Markets did not react particularly well to Federal Reserve Chairman Janet Yellen's first press conference with the Dow Jones Industrial Average shedding 115 points, though the market did close over 50 points above the intraday low. When the Fed released its decision after a two day meeting, it did not seem all that surprising (statement available here). The Fed tapered asset purchases another $10 billion as expected and withdrew its previous forward guidance for a rate hike once unemployment fell to 6.5%. The market had already discounted this guidance as unemployment is currently 6.7% due in part to a drop in the labor participation rate. This statement was not all that surprising.
Similarly, the new economic projections were not surprising (projections available here). Due in part to the weather, growth estimates are slightly lower for 2014 with a central tendency of 2.8-3.0% down from 2.8%-3.2% in December. Core inflation expectations were unchanged at 1.4-1.6%. 13 out of 16 members said they expect to increase interest rates in 2015 with a central tendency of around 1%, which is not far off from what many market participants had been looking for. Why then did the market drop?
At the press conference, Janet Yellen struck a surprisingly hawkish tone. This is not to say she is a hawk; rather, she was far less dovish than many had assumed. One line in particular is important for investors to consider. Yellen was asked how soon after ending asset purchases would the Fed start to increase interest rates. She responded, "So, the language that we use in this statement is considerable, period. So, I -- I, you know, this is the kind of term it's hard to define, but, you know, it probably means something on the order of around six months or that type of thing. But, you know, it depends -- what the statement is saying is it depends what conditions are like." Investors can read a full transcript of the press conference here.
At the current pace of tapering, the Fed should stop buying bonds in about 6 months, which means that Yellen anticipates raising rates about a year from today. This is a bit earlier than I, and many others, had anticipated. I had been expecting about 15-18 months before an increase in interest rates, but it appears Yellen wants to start a bit earlier and move at a gradual pace to at least 1% by the end of 2015. That puts us on course for a 2.5-3% fed funds rate by the end of 2016. While higher rates were always inevitable, they appear to be a bit closer than previously assumed, which caused a bit of selling on Wednesday. Investors will be looking for companies that benefit from this new guidance for higher rates, and American International Group (NYSE:AIG) is poised to profit from Yellen's policy.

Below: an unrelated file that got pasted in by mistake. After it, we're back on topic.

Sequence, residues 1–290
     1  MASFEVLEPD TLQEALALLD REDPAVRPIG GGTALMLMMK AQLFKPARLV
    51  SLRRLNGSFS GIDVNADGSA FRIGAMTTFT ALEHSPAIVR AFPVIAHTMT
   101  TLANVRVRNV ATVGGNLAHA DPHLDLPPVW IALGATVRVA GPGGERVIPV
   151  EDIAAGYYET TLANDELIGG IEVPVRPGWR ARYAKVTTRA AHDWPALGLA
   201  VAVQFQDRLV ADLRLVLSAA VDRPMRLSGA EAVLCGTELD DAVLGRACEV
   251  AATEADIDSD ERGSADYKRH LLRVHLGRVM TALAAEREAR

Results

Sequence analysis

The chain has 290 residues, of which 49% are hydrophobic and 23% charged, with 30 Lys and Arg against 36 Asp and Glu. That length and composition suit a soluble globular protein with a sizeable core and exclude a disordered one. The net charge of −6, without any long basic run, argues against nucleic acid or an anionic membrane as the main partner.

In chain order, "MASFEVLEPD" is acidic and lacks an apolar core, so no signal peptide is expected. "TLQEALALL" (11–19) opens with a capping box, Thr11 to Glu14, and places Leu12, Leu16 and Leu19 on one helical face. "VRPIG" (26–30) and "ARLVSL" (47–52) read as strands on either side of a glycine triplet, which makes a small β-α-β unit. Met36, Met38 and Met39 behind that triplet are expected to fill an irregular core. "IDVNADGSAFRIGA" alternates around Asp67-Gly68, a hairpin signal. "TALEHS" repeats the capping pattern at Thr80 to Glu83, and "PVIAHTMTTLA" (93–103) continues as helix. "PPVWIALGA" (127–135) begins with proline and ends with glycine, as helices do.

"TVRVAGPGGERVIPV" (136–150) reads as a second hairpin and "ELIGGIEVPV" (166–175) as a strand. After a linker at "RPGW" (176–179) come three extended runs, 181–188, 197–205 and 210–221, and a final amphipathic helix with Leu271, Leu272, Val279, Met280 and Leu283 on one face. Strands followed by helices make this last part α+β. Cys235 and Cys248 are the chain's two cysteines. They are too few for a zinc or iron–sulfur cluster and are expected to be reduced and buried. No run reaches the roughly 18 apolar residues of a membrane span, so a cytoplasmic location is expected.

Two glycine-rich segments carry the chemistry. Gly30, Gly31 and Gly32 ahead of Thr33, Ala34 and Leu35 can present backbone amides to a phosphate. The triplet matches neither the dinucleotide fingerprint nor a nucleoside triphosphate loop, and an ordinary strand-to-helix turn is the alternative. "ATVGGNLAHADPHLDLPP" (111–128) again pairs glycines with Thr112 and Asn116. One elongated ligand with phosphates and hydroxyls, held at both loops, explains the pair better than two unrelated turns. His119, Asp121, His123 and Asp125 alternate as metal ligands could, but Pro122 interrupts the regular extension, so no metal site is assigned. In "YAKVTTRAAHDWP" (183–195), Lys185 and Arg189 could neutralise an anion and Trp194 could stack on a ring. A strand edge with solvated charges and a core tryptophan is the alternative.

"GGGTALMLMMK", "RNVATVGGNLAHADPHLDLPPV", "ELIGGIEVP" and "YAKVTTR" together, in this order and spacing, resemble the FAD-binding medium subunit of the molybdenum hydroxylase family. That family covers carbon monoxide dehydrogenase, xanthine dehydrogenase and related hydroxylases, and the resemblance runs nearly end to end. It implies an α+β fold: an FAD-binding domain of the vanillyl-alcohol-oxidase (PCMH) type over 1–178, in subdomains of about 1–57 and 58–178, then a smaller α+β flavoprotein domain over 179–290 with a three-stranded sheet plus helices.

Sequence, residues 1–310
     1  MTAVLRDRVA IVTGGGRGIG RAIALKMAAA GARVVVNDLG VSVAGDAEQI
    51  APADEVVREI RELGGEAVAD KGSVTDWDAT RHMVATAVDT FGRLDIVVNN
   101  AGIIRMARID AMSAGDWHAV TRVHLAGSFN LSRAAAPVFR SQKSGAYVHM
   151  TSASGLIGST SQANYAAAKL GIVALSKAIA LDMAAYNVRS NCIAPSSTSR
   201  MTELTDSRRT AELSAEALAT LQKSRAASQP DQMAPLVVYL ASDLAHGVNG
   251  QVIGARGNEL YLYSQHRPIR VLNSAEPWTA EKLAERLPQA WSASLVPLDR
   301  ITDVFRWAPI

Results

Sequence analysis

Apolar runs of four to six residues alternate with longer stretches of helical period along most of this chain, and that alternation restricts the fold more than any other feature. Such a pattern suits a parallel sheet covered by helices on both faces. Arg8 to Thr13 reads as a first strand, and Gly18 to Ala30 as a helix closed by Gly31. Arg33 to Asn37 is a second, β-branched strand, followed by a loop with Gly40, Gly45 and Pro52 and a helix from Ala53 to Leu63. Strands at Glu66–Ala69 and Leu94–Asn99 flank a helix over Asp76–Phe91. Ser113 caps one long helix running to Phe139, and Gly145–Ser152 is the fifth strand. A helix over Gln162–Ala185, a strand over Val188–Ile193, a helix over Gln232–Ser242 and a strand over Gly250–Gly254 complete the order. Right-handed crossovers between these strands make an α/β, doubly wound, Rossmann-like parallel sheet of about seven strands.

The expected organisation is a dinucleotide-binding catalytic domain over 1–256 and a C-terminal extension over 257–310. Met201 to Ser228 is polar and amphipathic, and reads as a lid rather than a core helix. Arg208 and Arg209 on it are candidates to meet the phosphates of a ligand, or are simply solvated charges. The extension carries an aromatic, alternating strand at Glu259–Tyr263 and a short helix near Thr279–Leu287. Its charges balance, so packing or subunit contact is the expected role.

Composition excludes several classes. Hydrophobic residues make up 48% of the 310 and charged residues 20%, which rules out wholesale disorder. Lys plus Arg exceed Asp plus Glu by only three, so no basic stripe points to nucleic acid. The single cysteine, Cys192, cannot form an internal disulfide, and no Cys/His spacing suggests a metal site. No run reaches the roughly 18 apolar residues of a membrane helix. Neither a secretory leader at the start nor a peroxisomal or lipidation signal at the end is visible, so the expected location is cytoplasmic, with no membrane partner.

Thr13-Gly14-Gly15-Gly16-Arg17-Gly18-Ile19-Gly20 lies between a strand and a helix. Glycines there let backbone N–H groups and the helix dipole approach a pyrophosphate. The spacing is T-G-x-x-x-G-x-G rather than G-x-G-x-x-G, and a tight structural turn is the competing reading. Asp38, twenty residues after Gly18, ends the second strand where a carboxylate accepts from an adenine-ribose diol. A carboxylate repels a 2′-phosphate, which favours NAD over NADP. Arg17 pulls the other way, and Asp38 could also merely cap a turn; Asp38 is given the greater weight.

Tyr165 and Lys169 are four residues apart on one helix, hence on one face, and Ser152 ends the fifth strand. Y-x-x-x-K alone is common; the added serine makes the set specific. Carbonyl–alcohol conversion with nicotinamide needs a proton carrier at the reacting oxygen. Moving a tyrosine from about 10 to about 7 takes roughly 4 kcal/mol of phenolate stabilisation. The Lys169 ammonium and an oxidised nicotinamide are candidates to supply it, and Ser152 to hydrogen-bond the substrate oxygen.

In general, the life insurance companies should benefit greatly from higher interest rates. When they write policies, they will have to pay a claim sometime in the future but start receiving premiums today. Insurance companies then invest these premiums in stocks and bonds to generate investment incomes. As long as underwriting standards are sound, premiums and investment gains can pay future claims and leave profits for shareholders. Moreover, a higher interest rate more steeply discounts future claims. In other words, liabilities have a lower present value while assets can generate more current income as rates rise. The sooner the Fed starts to increase the rates the better AIG and other life companies like MetLife (NYSE:MET) and Prudential (NYSE:PRU) will do.
AIG has begun to aggressively push back into life insurance and is doing so at a perfect time. In its last quarter, premiums and deposits jumped 54% to $8.04 billion (financial and operating details available here). The base investment yield of its holdings stands at 5.29% with AUM at $318 billion up a solid 10% year over year. Now, there is a negative to a sharp increase in interest rates as the value of current bond holdings will fall. So long as these bonds are held to maturity, a drop in price is irrelevant though. Excluding other comprehensive income (which is mainly unrealized gains on bond holdings), AIG has a book value of $64.28. In other words, AIG's entire bond portfolio could drop back to its cost basis, and AIG would still have a book value of $64.28, which is 29% higher than current levels.
Moreover because of its significantly growing life businesses, AUM should continue to climb, and I expect AUM to surpass $345-$350 at the end of 2014 with another $30-$35 billion coming in during 2015. Combine this premium inflows with bond maturities, and AIG will have a lot of dry powder to purchase higher yielding assets over the next two years. Based on Yellen's guidance, I expect base investment yield to be about 5.6-5.75% this year and 6.05-6.25% in 2015, which would increase earnings per share by over $1.50 and push AIG's return on equity past 10% in 2015.
AIG is moving into life insurance at precisely the right moment. Its increase in life underwriting will coincide with higher rates, which increases investment income. AIG should generate about $5 in earnings this year and $6.25-$6.75 in 2015. At $50, AIG shares are extremely cheap. Moreover, shares are trading at a substantial discount to book value, which will more than negate any decline in AIG's current bond holdings. Yellen is signaling the end of easy money is starting to approach. AIG is the premiere play on a normalization in interest rate policy.
Disclosure: I am long AIG. I wrote this article myself, and it expresses my own opinions. I am not receiving compensation for it (other than from Seeking Alpha). I have no business relationship with any company whose stock is mentioned in this article.